Sunday’s sermon: Arches National Park – Connection

Delicate Arch, Arches National Park, UT.

Text used – Romans 12:4-17

  • When I was in 3rd grade, I had the most amazing teacher.
    • Taught us about all those necessary 3rd gr things
      • Spelling
      • Cursive handwriting
      • Multiplication facts (using the greatest, Midwestern white lady rap ever!)
    • Also focused a lot on respect and wholeness → And one of the main ways that we did this was at the beginning and end of every school day, we set down in a circle in the middle of our classroom and sang the song “Love Can Build a Bridge” by the Judds.


      • Teacher even let me work out hand motions to it that we taught to the class (small example)
      • And sure, there were kids that didn’t love doing it. There were a few boys in the class that would be silly about it (because that’s what 9yo boys do!). But I’ll tell you something: to this day (almost 30 yrs. later), the 20 or so kids that were in that class still talk about those times. We still talk about how much fun it was. Some of us can still do at least some of the motions. And most important, as we get older and go through the motions and the ups and downs of life, we still talk about how meaningful that song has been.
        • Fully honest: I still can’t hear that song without crying! → even just listening to it in my office this morning, I was getting all teary
      • Chorus: Love can build a bridge // between your heart and mine // Love can build a bridge // Don’t you think it’s time? // Don’t you think it’s time?
  • So obviously, one of the things that got me thinking about “Love Can Build a Bridge” – and particularly my 3rd class’s experience with that song – is the connectionality of it. It’s a song all about coming together – about making meaningful connections with people, connections that build each other up and help each other out, connections that are based on the strength and power of love. But the other thing that got me thinking about “Love Can Build a Bridge” in connection (no pun intended) with today’s theme is that the music video was actually shot in Sedona, AZ.
    • Lots of fabulous 1990s-style panorama shots of them singing out in the desert
    • Scene in the video = the Judds (Wynonna and Naomi) standing on top of … Can you guess? An arch. → [READ FROM America’s Holy Ground[1], pp. 31-32]
  • All of those beautiful arches are points of connection. They bridge the cap between one pillar of stone and the next, creating a structure that is even more breathtaking and beautiful than those pillars would have been alone. And that’s what this morning’s Scripture is all about.
    • About how we need each other
    • About how we belong to each other
    • About how we are better together
      • Lift each other up
      • Compliment each other
      • Connect us to each other
      • Text: We have many parts in one body, but the parts don’t all have the same function. In the same way, though there are many of us, we are one body in Christ, and individually we belong to each other.[2] → These are surely powerful words, but I think they’re even more powerful when we think that Paul is writing them to people he didn’t know. So often, we read Paul’s letters to people in churches that he had established in his mission journeys.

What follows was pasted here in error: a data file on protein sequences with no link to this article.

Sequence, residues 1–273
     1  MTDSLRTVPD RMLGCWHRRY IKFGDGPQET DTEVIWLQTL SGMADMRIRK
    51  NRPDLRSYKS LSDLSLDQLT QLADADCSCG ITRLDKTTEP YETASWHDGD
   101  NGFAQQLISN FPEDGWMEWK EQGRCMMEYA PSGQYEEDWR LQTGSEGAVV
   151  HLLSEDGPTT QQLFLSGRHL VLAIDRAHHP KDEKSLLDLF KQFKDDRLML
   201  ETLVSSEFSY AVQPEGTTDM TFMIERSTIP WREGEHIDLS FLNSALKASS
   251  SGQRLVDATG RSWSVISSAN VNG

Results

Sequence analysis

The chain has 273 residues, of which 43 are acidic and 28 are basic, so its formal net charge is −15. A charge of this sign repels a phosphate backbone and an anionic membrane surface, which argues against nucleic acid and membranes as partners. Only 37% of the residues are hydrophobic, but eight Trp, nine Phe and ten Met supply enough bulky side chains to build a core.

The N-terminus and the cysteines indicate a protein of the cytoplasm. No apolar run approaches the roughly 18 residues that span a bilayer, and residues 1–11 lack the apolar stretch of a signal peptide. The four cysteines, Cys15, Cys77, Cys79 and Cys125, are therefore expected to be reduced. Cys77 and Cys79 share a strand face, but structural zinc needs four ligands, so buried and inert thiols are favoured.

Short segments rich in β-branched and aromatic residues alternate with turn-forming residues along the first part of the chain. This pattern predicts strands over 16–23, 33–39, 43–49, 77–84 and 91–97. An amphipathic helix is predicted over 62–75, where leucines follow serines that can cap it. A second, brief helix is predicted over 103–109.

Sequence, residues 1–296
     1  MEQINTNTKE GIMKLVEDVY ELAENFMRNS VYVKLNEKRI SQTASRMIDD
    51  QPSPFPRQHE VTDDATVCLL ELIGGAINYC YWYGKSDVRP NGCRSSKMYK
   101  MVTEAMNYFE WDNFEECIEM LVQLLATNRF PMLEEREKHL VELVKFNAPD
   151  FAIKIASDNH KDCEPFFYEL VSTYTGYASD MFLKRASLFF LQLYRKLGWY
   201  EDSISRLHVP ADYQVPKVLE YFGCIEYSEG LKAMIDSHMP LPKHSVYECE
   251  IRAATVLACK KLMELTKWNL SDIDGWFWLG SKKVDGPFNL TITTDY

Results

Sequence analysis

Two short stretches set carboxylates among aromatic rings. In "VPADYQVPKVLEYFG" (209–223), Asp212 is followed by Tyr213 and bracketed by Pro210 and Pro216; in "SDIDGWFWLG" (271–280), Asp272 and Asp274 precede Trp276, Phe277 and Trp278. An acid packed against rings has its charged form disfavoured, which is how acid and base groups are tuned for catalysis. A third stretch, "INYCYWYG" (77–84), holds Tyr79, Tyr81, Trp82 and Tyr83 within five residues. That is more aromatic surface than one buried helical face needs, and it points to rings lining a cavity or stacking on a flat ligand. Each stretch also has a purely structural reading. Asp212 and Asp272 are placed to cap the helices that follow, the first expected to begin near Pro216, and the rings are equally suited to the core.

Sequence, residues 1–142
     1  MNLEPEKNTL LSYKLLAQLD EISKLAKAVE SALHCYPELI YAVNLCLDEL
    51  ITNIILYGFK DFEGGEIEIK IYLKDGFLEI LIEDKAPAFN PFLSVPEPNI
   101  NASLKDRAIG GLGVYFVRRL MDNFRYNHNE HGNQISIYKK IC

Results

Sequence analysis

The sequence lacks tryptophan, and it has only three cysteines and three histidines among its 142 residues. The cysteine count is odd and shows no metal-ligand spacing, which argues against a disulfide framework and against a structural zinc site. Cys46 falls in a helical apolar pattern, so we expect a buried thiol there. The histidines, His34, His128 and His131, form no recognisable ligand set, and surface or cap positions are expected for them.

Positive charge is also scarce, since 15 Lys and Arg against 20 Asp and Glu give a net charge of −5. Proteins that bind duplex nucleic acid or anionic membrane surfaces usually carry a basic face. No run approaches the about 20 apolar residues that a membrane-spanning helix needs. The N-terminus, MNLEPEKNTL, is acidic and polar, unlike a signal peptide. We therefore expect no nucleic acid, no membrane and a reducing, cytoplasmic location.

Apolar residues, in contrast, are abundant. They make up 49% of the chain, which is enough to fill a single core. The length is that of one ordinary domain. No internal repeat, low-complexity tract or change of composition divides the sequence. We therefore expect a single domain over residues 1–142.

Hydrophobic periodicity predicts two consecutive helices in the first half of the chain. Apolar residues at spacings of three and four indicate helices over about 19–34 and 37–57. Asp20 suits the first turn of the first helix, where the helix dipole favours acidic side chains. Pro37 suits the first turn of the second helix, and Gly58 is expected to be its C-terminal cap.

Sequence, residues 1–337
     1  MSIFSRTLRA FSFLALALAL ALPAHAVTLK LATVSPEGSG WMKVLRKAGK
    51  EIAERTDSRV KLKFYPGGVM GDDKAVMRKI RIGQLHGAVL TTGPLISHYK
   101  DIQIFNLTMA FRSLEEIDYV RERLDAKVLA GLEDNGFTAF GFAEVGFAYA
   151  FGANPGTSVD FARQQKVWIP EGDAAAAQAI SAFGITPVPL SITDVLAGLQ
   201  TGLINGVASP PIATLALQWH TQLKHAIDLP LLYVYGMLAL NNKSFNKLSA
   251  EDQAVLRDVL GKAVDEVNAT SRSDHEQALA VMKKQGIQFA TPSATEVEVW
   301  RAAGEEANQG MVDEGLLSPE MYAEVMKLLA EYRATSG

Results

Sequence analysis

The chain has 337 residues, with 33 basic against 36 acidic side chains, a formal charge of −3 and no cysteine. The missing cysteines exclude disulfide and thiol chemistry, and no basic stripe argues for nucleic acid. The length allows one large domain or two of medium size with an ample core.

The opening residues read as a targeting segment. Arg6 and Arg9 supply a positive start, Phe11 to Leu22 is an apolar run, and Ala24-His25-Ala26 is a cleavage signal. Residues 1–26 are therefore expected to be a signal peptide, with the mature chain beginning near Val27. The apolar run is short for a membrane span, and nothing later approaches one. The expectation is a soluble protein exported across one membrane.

• Letter to the Christians in Ephesus
        • Letter to the Christians in Philippi
        • Letters to the Christians in Corinth and Thessalonike
        • All of them = letters to people with whom Paul had already established relationships → people with whom Paul had already made those connections
        • But Paul’s letters to the Romans was to a community unknown to him. Sure, they knew of Paul – knew of his reputation and his ministry, maybe even knew of his conversion story with the flash of light and the vision of Christ and the blindness and healing afterward. Yeah, they probably knew of Paul, but they didn’t actually know His mission travels hadn’t taken him there. He hadn’t planted a church there. There was no established connection there. And so into the absence of that connection, Paul sent them these words about just how powerful and essential connection is to the Christian faith.
          • Make his initial point of the critical nature of connectedness → how we all belong to each other
          • Drives his point home with examples: We have different gifts that are consistent with God’s grace that has been given to us. If your gift is prophecy, you should prophesy in proportion to your faith. If your gift is service, devote yourself to serving. If your gift is teaching, devote yourself to teaching. If your gift is encouragement, devote yourself to encouraging. The one giving should do it with no strings attached. The leader should lead with passion. The one showing mercy should be cheerful. Love should be shown without pretending.[3] → Paul highlights all of those different gifts – all of those different pillars that surely could stand on their own. But with the connection of Christian community, the bridges that form between those pillars make us the Church together. Service can be inspired by teaching. Teaching can be informed by prophecy. Prophecy can bring out encouragement. Encouragement can build up leaders. When we combine all of those gifts that Paul talks about, we become stronger, wiser, deeper, closer to God together.